Friday, 19 October 2012

Today versus clean energy

Rather worryingly I have just heard the Today programme make a total hash out of explaining a new and clean way to produce petrol. Frankly, they were very close to just laughing at what, to me sounds an excellent idea.

You might say that petrol (gasoline) is yesterday's fuel - but you'd be wrong. It's today's fuel and we are a good way - 20, 30, maybe 40 years off it being seriously phased out. We neither have the infrastructure, cheap enough vehicles or good enough range on electrics to switch to hydrogen and/or electric cars. People who think it will be sooner live in cloud cuckoo land. And don't think the switch will be driven by us running out of oil. Apart from untapped oil reserves in harder-to-get-to places, many countries have coal reserves, and coal can be converted into oil. The US alone has enough coal to fulfil current oil usage for around 200 years at costs less than current oil prices. So we need ways to do petrol in a more environmentally friendly fashion, which this is.

The scheme is a clever one because it gets its carbon from carbon dioxide in the air, so when you use the petrol you aren't adding any CO2 to the atmosphere. It's a demonstrator at the moment, producing something like 5 litres a day, but in principle it can be scaled up. It uses carbon dioxide and water vapour to produce methanol, which is then converted to petrol, and the energy to do all this is renewable. Here's a quick video:



So let's see how Today got it wrong. First, Evan Davies, for whom I usually have quite a lot of respect was mocking the fact that it only produced 5 litres a day. 'That'll solve our problems,' he said (roughly). Come on, Evan. It's a demonstrator. The quantity is irrelevant.

Then their economics correspondent (or environment correspondent, this is from memory) waded in. He pointed out that you have to put the energy in to make the petrol here, where the energy came from the Sun in fossil fuel, so it will take a lot more energy in compared with the energy you get out. This is true to a point - but bear in mind petrol doesn't jump out of the ground into your car's fuel tank. We have to have extremely expensive (both financially and in energy terms) discovery and drilling operations, not forgetting the cost of cleaning up nasty oil spills. And it's not petrol that comes out of the ground, it's crude oil. So then you have the energy intensive operation of cracking and extracting the petrol from this.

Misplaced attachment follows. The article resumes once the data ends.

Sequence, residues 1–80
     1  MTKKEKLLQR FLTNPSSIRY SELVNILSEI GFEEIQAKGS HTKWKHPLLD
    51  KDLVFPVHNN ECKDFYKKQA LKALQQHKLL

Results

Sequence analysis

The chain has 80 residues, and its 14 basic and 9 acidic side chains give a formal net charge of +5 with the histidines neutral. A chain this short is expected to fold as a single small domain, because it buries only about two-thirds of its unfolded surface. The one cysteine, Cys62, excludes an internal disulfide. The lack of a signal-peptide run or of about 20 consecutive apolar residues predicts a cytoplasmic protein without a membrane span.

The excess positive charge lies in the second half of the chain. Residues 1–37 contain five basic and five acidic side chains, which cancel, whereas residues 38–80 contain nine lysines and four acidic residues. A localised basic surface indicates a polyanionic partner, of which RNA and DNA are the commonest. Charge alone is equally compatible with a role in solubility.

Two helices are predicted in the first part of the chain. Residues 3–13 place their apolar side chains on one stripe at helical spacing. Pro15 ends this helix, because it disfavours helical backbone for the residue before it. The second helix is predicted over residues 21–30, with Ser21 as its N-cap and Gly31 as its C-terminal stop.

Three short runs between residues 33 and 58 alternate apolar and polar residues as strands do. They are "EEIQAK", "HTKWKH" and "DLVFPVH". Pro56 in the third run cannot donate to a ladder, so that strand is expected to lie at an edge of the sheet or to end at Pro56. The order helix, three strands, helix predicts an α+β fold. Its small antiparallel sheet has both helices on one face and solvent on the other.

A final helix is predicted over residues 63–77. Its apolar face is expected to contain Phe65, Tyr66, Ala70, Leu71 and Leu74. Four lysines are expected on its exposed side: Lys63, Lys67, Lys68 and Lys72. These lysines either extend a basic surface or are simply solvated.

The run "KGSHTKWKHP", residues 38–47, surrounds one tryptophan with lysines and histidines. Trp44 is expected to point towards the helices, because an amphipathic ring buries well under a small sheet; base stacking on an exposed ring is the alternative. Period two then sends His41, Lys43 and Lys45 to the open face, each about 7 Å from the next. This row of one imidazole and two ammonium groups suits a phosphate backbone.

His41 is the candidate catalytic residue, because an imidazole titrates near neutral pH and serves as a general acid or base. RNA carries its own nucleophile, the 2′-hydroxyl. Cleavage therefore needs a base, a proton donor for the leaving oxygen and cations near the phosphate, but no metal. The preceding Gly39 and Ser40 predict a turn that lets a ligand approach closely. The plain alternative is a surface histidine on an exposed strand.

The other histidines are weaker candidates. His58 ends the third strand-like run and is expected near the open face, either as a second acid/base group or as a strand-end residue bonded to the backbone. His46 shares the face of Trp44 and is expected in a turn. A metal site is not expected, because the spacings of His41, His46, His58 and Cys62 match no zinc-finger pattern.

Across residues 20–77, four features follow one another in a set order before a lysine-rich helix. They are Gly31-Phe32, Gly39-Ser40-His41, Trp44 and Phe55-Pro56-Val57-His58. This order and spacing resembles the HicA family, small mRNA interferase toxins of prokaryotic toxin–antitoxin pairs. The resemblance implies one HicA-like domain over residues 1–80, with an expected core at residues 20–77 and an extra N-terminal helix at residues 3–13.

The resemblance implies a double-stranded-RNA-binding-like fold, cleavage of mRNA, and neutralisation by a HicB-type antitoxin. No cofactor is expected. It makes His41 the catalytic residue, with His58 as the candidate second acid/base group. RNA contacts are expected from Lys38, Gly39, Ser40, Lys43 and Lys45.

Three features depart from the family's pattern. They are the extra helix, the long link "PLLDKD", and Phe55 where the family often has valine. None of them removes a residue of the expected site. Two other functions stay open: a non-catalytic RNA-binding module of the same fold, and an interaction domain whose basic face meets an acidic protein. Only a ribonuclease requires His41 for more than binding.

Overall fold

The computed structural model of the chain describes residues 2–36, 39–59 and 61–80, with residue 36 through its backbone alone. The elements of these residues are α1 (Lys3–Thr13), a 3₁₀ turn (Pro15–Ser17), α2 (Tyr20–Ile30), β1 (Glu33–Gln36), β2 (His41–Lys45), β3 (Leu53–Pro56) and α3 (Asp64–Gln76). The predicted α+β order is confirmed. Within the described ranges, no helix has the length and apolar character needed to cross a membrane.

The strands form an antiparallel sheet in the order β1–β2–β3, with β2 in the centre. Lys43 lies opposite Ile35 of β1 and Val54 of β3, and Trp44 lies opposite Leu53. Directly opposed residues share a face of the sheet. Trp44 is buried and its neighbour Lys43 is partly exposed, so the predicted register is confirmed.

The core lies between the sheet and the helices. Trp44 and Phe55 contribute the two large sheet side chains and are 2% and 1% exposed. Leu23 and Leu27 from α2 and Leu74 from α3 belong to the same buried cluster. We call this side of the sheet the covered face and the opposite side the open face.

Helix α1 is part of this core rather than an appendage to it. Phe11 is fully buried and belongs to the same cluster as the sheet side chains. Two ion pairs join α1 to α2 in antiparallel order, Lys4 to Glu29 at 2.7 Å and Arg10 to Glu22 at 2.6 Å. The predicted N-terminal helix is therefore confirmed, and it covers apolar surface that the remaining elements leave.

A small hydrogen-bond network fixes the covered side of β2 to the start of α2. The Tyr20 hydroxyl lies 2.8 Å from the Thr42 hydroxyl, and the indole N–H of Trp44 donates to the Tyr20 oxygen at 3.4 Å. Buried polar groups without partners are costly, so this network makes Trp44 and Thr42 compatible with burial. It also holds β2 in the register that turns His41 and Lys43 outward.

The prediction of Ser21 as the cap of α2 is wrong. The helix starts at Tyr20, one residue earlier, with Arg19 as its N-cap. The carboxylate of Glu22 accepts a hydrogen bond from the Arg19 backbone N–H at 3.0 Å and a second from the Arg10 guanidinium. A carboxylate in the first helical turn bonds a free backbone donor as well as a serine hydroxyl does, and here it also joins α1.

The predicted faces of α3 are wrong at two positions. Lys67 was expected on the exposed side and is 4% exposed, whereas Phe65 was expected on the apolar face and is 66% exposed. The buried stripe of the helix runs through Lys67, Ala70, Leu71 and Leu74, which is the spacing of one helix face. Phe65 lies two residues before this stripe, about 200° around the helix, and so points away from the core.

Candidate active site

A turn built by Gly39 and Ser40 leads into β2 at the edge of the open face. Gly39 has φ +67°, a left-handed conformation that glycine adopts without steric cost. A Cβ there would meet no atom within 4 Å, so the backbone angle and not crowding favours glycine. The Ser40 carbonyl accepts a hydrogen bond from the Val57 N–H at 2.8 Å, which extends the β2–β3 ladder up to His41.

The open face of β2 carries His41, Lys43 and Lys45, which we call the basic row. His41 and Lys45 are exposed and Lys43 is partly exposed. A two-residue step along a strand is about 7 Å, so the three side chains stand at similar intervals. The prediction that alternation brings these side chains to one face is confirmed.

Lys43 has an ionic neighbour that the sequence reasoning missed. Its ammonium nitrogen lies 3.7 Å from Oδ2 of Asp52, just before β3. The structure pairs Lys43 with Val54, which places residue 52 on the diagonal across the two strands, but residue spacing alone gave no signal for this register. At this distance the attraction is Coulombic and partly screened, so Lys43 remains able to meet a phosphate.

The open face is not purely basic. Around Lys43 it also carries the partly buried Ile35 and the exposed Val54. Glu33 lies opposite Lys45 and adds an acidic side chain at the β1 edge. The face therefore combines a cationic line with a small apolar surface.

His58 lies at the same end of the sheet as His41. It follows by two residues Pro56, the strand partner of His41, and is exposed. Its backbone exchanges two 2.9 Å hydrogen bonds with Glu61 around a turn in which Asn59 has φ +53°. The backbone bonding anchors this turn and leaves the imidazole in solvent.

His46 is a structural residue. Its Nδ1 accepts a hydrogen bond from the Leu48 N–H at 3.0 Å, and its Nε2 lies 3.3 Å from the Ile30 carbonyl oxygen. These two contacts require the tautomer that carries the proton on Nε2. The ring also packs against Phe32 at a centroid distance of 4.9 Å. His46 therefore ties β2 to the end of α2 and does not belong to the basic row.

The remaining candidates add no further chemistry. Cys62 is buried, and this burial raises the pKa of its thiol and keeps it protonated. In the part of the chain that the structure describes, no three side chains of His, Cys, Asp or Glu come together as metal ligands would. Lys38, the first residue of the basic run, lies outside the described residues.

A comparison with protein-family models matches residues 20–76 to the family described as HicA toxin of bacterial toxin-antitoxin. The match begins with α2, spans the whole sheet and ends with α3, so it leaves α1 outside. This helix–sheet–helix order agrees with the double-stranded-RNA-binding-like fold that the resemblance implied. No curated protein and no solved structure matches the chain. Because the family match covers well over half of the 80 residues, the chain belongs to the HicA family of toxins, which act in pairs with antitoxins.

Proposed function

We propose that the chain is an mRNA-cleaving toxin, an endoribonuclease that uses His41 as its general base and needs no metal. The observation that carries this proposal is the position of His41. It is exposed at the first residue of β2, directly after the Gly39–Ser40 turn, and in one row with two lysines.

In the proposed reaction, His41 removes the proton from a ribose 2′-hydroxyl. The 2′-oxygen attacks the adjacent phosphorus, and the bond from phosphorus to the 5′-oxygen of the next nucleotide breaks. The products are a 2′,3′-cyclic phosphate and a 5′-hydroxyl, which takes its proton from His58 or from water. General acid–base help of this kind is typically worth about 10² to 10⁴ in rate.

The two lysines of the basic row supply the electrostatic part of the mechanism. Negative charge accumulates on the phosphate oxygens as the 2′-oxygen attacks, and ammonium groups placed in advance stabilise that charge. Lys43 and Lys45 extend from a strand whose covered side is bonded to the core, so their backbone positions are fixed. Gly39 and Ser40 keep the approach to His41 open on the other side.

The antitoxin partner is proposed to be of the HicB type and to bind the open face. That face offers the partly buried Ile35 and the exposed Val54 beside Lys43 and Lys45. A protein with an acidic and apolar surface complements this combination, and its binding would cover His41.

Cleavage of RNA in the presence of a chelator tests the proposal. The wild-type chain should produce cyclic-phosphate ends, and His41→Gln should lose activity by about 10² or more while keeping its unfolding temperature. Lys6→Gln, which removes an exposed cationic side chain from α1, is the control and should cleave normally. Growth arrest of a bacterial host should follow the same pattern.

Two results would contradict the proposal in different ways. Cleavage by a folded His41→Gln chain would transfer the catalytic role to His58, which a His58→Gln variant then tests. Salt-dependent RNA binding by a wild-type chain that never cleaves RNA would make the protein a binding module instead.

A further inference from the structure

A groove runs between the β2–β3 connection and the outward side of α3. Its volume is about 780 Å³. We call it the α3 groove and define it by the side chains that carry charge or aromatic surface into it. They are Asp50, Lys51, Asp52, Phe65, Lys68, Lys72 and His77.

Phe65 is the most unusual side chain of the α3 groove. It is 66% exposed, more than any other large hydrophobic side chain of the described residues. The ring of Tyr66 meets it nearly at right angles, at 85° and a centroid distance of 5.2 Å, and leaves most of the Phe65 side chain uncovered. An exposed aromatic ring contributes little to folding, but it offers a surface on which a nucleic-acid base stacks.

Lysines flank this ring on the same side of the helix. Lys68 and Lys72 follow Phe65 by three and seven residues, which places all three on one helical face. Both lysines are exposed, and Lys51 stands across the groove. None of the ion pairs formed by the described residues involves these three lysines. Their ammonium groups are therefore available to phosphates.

Finally, there was no mention of the most significant point. That pretty well all the energy expended in the extraction, preparation and use of petrol today involves burning fossil fuels and adding to the CO2 load of the atmosphere. By comparison, in this method the energy used in producing the petrol is renewable and the petrol itself came out of the atmosphere so doesn't add to the CO2 load when its burned.

Realistically there are problems. The process might not scale up well. It could be expensive both financially and in energy terms (I don't know how much energy goes into the discovery, drilling, extraction and refining of petrol). But to effectively dismiss it out of hand the way the Today team did is appalling.

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